Bryn Mawr Classical Review 2011.10.40
David Langslow, Brigitte Maire Langslow (ed.), Body, Disease and Treatment in a Changing World: Latin Texts and Contexts in Ancient and Medieval Medicine. Lausanne: Éditions BHMS, 2010. Pp. xvii, 403. ISBN 9782970064008. €55.00 (pb).
Reviewed by Fabio Stok, Università di Roma Tor Vergata (firstname.lastname@example.org)
[Table of contents follows this review]
The conference held at Manchester in 2007 was the ninth of a series begun in 1984 at Macerata (proceedings of the previous eight are cited on p. 388). The 26 papers (in French, English, Italian, Spanish, German) deal with, as in the former conferences, two principal topics, Roman medicine and Latin medical texts. The level of the contributions is generally good, in some cases remarkable.
Among the papers on Roman medicine, the first and the last of the volume, both concerning Cornelius Celsus’s De medicina, are very interesting. Heinrich von Staden stresses Celsus’s anatomy. Generally precise and accurate, Celsus reveals some surprising errors in cerebral and cardiac anatomy and seems to ignore acquisitions of Hellenistic medicine: he quotes the meninx as singular (membrana cerebri) instead of plural as used by the Greek physicians from at least the fourth century BC; he never refers to the nerves discovered by Herophilus and Erasistratus; he is vague about the relations between soul, mind and body; he shows little interest in the heart’s anatomy and in the connection between heart and pulse. The result is a body as a ‘sum of parts’, instead of the ‘whole body’ of Greek medicine. A ‘Latin body’, as von Staden concludes; its explanation, in my opinion, is to be found in Celsus’ philosophical approach. Philippe Mudry points out a relevant discrepancy between Celsus and Galen on the role of conjecture in medical practice, a topic already discussed at the time of Plato. In Galen the ‘technic conjecture’ concerns the status of medicine and its position between theory and practice. For Celsus medical conjecture is due to the variety of natural bodies, and doesn’t prevent the physician from avoiding failures. Mudry attributes this view to the Academic philosophy adopted by Celsus and also to his personal dislike of the Methodist School.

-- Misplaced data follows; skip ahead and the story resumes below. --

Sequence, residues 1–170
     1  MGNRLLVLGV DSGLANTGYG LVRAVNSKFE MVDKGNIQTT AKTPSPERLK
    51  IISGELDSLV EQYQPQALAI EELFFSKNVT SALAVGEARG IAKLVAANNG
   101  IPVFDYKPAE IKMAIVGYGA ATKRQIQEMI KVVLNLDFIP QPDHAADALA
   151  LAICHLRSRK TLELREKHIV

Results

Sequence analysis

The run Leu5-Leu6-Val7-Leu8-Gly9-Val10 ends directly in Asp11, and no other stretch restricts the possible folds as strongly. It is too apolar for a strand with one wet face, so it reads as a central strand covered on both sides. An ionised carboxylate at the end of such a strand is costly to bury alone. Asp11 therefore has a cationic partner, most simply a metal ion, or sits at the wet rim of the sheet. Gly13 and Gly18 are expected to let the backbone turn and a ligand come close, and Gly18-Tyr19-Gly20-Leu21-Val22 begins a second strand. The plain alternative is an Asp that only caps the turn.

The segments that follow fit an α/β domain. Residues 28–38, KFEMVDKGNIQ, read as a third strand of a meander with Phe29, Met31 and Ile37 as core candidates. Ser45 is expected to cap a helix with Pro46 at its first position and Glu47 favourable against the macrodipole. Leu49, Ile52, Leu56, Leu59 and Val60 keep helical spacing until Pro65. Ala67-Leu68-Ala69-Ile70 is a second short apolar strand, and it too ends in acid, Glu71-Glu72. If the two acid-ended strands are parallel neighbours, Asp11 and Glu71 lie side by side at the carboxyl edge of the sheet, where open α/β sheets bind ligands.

Physiological topics are explored by Frédéric Le Blay, who examines the medical fortune of the Empedoclean theory of the pores (invisible channels which are said to connect the human body with the environment), and by Raffaele Passarella, who examines the vocabulary of digestion in Latin medical terminology from Celsus to Cassius Felix.
Several other papers also deal with medical vocabulary: Cristina De la Rosa Cubo examines the use of the terms amo and amor in the medical treatment of sexuality and reproduction; Ana Isabel Martín Ferreira notes the nomenclature of childhood in Latin medical texts from Antiquity to the Renaissance; the paper of Muriel Pardon-Lanonnelie concerns the Latin use of the Greek medical term ἐπιφορά (defluxion of humours from the eye): she examines orthographic and semantic fluctuations in the use of the term by the medical authors and also in inscriptions carved on the collyrium-stamps. José Pablo Barragán Nieto explores the semantic evolution of the term haemorrhois from Celsus to Renaissance physicians; Valérie Gitton-Ripoll examines several Latin verbs meaning ‘pound, pulp, grind’ used as pharmaceutical instructions.
Some papers consider the presence of medicine and medical topics in Latin literature: Maurizio Baldin examines medical terminology in Plautus, Sallust and Juvenal; Daria Crismani revisits the symptomatology of love in Apuleius and other ancient novelists, focusing on their medical sources and the therapeutic properties assigned to the novels themselves in the treatment of lovesickness; Patricia Gaillard-Seux discusses Pliny the Elder’s references to remedies for the effects of bites and poisonous substances: she notices Pliny’s adherence to the pseudo-Democritean theory of sympathies and antipathies.
Gabriele Marasco’s overview of medicine in late antiquity stresses the influence of the Christian religion and of its practice of charity towards the poor and all people. Innocenzo Mazzini presents a collection of Latin medical terms presented as ‘popular’ in ancient sources or which would seem to be of ‘popular’ origin.
The first section is completed by the stimulating paper of Brigitte Maire on the image of the female body in the Gynaecia by Mustio (a Latin translation of Sorano’s gynecological treatise), a study which highlights the interaction between medicine and the social and cultural dimension.
The second section concerns the transmission, textual criticism and reception of Latin medical texts, a field of great interest considering that several medical texts of Late Antiquity and the Middle Ages are unprinted or not critically edited.
Vivian Nutton’s paper regards an edition which he is preparing, that of De virtute centaureae, the Latin translation by Niccolò da Reggio of a lost pseudo-Galenic treatise. The identification of the name of Themison, in a part of the manuscript tradition, enables Nutton to identify this text as a work of the Methodist School datable to the early empire.
Other editions which are being prepared are those of the ancient Latin translation of Hippocrates’ Aphorisms, presented by Manuel Vásquez-Bujan; and of the medico-botanical glossary Agriocanna, on which Aljeandro García González is working. The latter shows that in a part of the manuscript tradition of the glossary one can see the influence of the XII Century’s Salernitan medical terminology.